Looking back on her figurative and literal journey with Leica, Diana says: “I have carried my SL camera and lenses with me through thick and thin.
“I often push my cameras to their limits. I tested the SL in various types of shoots: portraits, landscapes, high-speed, low-light, long-exposure, time-lapse, and multi-shot photography. It’s always performed.”
The SL is as tough and tenacious as Diana is in getting high-quality images.
“In 2019, the SL followed me on a journey deep into the Taiga Forest in Mongolia. The camera and lenses have been strapped on reindeers’ backs to cross a peat bog.
“The SL camera and lenses travelled with me for more than 1,200 km over rough terrain in a land cruiser, and they were with me on the backs of horses, camels, and reindeers, and survived the tough journey.
“In November 2017, I brought the SL to Mongolia and subjected it to -20°C in the Altai Mountains. Again, both the camera and the lenses proved to be tough and reliable.”
The Leica SL (TYP 601) is a mirrorless system camera, offering an impressive set of specifications and innovative features. The camera’s 24 MP full-frame CMOS sensor and perfectly matched components – from the premium-quality SL lenses to the built-in electronic viewfinder – guarantee exceptional imaging performance.
The latest iteration of the SL system is the SL2, which has a full-frame sensor that is packed with an astounding 47.3 million effective pixels. The level of detail is nothing short of stunning. The unprecedented resolution of the SL2’s CMOS image sensor in full-frame format results in an unparalleled level of detail rendition and image quality.
For Diana, it’s an easy choice as to what is her favourite lens.
“It’s the Leica Noctilux-M 75mm f/1.25 ASPH. Many of my best shots were taken with that lens.”
The Leica Noctilux-M 75mm f/1.25 ASPH delivers exceptional imaging performance and unique bokeh. The gossamer-thin depth of focus isolates subjects with extreme precision and makes it a truly exceptional lens. Its focal length of 75 mm makes it especially suitable for the creation of portraits with a natural look. As the depth of focus is even shallower than that of the Noctilux-M 50 mm f/0.95 APSH, it allows even more precise isolation of subjects.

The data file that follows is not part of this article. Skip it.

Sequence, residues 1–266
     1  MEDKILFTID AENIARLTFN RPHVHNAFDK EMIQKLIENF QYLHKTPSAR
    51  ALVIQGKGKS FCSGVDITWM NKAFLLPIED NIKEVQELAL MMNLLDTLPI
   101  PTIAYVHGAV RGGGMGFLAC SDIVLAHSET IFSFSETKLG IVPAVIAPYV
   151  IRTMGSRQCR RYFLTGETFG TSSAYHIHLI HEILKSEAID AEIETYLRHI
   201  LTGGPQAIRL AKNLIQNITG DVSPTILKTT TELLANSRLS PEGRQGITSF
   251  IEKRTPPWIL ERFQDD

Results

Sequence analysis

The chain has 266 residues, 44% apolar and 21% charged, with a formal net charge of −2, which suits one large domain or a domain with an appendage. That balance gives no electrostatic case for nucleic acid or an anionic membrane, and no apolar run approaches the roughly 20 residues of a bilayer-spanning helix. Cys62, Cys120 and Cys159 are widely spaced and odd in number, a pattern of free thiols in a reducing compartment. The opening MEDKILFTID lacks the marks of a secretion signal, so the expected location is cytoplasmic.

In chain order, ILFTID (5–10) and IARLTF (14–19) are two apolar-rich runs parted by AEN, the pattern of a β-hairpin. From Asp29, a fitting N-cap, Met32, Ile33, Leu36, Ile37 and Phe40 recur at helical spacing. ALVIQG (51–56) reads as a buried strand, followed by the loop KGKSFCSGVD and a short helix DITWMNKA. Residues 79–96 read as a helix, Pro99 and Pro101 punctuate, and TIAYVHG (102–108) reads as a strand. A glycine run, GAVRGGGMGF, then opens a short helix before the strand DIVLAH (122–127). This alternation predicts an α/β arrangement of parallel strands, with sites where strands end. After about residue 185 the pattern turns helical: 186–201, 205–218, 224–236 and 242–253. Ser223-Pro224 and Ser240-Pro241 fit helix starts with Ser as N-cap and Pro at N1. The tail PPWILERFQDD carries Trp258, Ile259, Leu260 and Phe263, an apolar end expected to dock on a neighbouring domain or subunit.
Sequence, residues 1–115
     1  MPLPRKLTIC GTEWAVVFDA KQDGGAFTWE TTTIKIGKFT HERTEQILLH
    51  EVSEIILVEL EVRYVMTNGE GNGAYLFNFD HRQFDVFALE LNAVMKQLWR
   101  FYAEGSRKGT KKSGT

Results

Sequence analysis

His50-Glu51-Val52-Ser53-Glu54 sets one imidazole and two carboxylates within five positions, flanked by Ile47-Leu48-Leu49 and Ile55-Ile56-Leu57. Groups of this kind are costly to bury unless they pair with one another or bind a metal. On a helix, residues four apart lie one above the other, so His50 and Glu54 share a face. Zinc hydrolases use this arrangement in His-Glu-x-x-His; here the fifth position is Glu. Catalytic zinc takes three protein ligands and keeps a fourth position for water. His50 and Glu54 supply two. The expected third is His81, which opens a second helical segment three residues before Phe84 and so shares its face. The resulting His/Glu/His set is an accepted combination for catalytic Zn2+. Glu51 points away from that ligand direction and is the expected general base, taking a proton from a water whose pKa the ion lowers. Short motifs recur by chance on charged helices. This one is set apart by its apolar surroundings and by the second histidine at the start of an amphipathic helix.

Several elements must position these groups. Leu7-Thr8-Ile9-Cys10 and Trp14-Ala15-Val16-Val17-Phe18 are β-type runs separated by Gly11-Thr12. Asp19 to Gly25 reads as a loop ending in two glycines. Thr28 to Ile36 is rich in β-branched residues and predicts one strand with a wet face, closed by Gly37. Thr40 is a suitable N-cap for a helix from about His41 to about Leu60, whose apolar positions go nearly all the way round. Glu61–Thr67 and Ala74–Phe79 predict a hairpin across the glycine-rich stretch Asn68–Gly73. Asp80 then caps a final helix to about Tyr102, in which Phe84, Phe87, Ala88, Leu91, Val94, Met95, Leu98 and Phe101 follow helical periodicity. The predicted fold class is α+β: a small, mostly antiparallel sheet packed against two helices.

Diana is already thinking about the future. She aspires to combine her talents as a writer, publisher and photographer.
“I plan to return to Mongolia. There are still some images I would like to take that I was not able to do so in my previous three trips.
“Hopefully, I will have enough strong images to publish a book one day.
“A good author tells a story. It’s the same with a good photo – it must have a strong narrative.
“My advice to any aspiring photographer is this: make sure your pictures tell a story, make sure it’s interesting and nicely composed.
“Try to keep the background clean. Think about lighting and how it enhances your image. Do not use pre-sets in post-production. And get to know your gear. When you’re out in the field, you cannot be found wanting.”
With that advice, and setting an outstanding example of having the passion to push yourself in extreme conditions, we look forward with eager anticipation to Diana’s first book. And the inspiration it may provide other photographers to publish their work.
Written by Kieron Long